Tooting Labour MP and hospital consultant back on the wards to help out with virus crisis

By Sian Bayley BBC Local Government Reporter

 

Doctor and Tooting MP Rosena Allin-Khan has been back on the frontline at St George’s Hospital this weekend in the fight against coronavirus.

She said she was “honoured” to be right in the middle of it all in A&E.

She told the BBC’s Local Democracy reporter: “There’s a bit of trepidation, naturally, because I’m hearing from my colleagues that hospitals are intimidating places to be at the moment with regards to the fact you don’t know what the scale of the issue is going to be. I’m sure I’ll have the equipment that I need in A&E, I hope I do.

“I’m also really honoured, that’s my overwhelming feeling. To be able to serve my community in another way as well. I’ve rolled-out lots of measures locally like a Whats App daily update for residents, a Facebook group, a help your neighbour scheme for specific streets. But to serve your community in this way is just a really deep honour. It’s another strand of how one can work for the community.”

But she was worried about the lack of PPE (personal protective equipment) being handed out to doctors and nurses across the country.

She added: “The Chancellor, the Prime Minister and the Health Secretary have all said that the NHS will have everything it needs but that’s not what I’m hearing from my colleagues on the ground. When they say that the NHS can have everything it needs, we need PPE, without that ,people can’t keep themselves and their patients safe.

“It’s a special mask that you can cover your face that means you can stop particles of the virus going from the patient to yourself. It’s also about having protective clothing when you’re going in to treat somebody that has known COVID-19 as well.

“Why that is so important is obviously not only do you not want to catch it as a health worker, but if you don’t have the right protection and you catch it, you’re obviously spreading it between patients. If you don’t have the protective clothing then you are going from one patient to another.”

She also said that the current rate of testing was “not good enough”, adding: “It is simply irresponsible not to be testing NHS staff. Firstly, they are our frontline defence against the virus. I am glad that daily testing will increase, but this should have been done far earlier to track the virus.

“This is a huge issue and it means that NHS staff could be infecting their families or patients without knowing it. Or it could mean that vital doctors and nurses are having to take themselves off the frontline into isolation for the week, when in fact they don’t even have the virus.

“So this kind of goes both ways because if you self-isolate for 14 days and you don’t have a test, if you feel better after three days and you don’t have the virus you could go back to work. But if you have the virus, you can stay home and protect your family and the wider community.”

She was also critical of some of the measures in the government’s new ‘Coronavirus Bill’ which includes plans to bring retired doctors back into service.

She said: “I honestly feel that we should have had a fully-staffed, fully-resourced NHS workforce in the first place. You are asking doctors to come back who potentially some of them will be in the most at-risk groups themselves, depending on when they retired.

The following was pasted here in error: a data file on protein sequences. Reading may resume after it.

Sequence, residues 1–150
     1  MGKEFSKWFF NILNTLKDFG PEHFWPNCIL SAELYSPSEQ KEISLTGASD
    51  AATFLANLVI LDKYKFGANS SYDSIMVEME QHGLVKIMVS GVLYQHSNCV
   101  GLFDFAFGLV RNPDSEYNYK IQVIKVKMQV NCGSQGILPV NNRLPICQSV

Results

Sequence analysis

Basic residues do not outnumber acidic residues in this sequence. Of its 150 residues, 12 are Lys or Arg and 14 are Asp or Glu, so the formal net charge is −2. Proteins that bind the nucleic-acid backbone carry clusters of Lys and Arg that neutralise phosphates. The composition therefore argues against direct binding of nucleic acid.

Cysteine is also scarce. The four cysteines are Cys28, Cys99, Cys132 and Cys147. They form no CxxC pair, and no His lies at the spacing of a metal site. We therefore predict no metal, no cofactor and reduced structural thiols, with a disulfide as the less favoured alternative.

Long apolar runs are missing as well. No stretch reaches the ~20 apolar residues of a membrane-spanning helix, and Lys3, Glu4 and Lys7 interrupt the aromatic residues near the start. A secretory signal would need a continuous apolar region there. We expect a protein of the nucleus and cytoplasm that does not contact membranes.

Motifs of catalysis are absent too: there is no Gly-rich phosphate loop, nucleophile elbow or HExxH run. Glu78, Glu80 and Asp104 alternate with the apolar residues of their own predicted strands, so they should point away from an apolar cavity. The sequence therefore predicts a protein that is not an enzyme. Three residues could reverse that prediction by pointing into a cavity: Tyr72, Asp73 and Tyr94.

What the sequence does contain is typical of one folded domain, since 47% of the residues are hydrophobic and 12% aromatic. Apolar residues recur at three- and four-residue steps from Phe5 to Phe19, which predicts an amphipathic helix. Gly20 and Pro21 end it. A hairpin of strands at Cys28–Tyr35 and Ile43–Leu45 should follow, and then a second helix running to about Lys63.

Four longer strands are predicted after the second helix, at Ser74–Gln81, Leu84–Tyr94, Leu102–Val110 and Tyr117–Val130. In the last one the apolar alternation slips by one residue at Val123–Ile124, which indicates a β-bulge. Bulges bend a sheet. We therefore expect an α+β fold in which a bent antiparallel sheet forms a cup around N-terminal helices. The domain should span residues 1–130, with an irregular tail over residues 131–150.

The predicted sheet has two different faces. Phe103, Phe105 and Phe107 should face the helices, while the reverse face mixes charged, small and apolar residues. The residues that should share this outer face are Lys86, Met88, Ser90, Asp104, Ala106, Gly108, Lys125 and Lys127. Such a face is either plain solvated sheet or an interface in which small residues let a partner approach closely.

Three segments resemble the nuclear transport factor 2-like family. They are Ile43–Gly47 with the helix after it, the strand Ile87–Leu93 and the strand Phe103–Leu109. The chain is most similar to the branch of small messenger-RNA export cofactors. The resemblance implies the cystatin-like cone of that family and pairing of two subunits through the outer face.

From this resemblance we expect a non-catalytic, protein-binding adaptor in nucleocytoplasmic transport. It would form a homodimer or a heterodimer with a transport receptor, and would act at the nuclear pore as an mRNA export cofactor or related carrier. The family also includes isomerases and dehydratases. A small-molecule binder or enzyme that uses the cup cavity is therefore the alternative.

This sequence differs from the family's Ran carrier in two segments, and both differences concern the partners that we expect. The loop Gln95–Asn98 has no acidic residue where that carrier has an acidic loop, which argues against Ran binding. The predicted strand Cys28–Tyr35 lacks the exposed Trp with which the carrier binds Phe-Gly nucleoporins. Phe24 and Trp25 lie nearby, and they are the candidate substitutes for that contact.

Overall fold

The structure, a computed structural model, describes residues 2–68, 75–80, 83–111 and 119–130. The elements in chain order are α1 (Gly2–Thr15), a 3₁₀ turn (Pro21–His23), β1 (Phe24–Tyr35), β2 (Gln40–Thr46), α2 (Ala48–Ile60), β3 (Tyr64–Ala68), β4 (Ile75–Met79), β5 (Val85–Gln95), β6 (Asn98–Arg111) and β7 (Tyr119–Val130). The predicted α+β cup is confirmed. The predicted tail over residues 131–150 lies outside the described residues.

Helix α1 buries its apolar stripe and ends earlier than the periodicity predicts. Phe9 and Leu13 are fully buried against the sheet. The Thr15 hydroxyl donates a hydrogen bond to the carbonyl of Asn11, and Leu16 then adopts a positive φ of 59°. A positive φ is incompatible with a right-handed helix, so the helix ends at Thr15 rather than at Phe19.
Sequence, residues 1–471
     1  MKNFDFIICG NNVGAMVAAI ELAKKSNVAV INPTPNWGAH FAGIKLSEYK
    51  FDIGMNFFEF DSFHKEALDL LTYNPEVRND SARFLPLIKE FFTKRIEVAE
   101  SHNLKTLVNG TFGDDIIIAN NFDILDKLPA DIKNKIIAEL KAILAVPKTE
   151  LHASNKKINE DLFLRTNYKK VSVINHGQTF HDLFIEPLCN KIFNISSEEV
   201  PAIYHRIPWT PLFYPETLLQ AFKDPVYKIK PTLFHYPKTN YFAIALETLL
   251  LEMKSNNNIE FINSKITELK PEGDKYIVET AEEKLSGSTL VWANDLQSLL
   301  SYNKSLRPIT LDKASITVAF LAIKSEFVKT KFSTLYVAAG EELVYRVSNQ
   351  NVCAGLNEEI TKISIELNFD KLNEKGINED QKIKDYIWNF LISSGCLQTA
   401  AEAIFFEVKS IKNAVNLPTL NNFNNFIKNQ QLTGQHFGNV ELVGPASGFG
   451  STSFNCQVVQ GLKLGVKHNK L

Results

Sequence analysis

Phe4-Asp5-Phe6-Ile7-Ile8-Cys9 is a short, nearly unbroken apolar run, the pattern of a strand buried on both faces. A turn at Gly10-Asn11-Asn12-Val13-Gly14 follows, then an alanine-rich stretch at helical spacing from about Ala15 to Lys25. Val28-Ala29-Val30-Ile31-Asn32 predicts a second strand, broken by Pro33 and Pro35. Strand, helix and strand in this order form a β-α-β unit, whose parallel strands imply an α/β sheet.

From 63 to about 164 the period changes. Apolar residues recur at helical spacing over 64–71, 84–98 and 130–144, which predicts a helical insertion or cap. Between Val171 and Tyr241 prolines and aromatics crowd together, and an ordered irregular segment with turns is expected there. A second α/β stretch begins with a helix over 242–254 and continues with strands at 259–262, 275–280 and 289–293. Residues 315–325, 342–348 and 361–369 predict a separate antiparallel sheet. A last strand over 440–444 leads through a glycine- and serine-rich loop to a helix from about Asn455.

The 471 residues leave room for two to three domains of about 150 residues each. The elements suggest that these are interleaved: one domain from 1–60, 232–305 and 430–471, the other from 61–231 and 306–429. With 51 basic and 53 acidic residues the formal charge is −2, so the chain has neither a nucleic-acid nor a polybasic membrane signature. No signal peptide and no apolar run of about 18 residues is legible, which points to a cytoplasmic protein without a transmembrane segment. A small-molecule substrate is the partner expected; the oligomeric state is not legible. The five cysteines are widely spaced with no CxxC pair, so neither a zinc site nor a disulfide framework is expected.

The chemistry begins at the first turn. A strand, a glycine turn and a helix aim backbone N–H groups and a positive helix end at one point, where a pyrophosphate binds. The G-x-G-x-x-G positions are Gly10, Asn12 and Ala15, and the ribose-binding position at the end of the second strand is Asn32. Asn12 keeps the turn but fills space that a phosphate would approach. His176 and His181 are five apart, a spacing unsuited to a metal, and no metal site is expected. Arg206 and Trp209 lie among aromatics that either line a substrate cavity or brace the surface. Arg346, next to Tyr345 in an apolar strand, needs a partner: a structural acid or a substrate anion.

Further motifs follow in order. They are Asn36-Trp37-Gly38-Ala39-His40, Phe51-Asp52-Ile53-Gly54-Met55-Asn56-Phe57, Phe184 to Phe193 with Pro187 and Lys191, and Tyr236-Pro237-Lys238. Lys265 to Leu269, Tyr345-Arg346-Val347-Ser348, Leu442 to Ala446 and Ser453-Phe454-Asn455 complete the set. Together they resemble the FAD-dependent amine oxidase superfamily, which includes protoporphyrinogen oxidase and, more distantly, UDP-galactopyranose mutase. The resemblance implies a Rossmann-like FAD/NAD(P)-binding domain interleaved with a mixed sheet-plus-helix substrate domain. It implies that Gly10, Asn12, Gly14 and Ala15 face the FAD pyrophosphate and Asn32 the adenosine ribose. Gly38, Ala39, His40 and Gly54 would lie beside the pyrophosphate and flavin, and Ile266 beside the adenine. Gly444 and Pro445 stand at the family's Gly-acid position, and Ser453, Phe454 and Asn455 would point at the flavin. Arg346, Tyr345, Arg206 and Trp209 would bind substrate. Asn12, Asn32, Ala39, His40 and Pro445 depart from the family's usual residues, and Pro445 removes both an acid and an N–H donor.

“And medical students need to have the skills they need to do their job. It’s very daunting, it’s not easy, and if they haven’t completed their training, is it safe? These are the questions we need to be asking. How did we find ourselves here in the first place?

“It’s really quite upsetting. These are not party political issues because senior conservatives like Jeremy Hunt, who was the Health Secretary, has also raised these concerns. I’m afraid many of these problems are a result of an NHS that has been underfunded for the last 10 years and the coronavirus crisis has exposed the real world consequences of that.

“One of the reasons we are clearly ramping up testing is because there are so many more patients with the virus. They are still currently only testing people who are sick, so if they are ramping up the testing on those that are sick clearly more are sick. That’s the issue.”

As of 9am on March 19, 2020 there have been 75 confirmed cases of coronavirus in Wandsworth, and as of Friday 20 March, 8 patients have tested positive for Coronavirus (Covid-19) at St George’s and sadly died.

St George’s Hospital in Tooting is one of the largest hospitals in the country.

A video released on the hospital trust’s Twitter account last week showed how staff were being taught how to deal with patients with confirmed or suspected COVID-19, who needed urgent or emergency surgery.

Claire Wohlfahrt, Anaesthetic Fellow, said: “Today we’re teaching the staff how to don and doff personal protective equipment, and we have developed a check list to assist staff in caring for patients that require general anaesthesia.”

Despite the strain in the NHS, Ms Allin-Khan wanted to reassure Wandsworth residents about the situation.

“We are a really resilient community. I believe that together we can get through anything, but I would stress the importance of staying at home, staying safe, not going out unless it is absolutely necessary. I feel the Prime Minister should be more resolute in his messaging. People should not be going to restaurants, bars, pubs, if it is not safe to do so. It categorically is not safe. You risk picking up the virus and infecting others.

“We will definitely get through this. We can get through anything, we’re really resilient here in Wandsworth. The community groups have been amazing. Please don’t go out unless you have to and please be thoughtful of others when you go shopping. It is incredibly difficult for the elderly to get what they need.”

 

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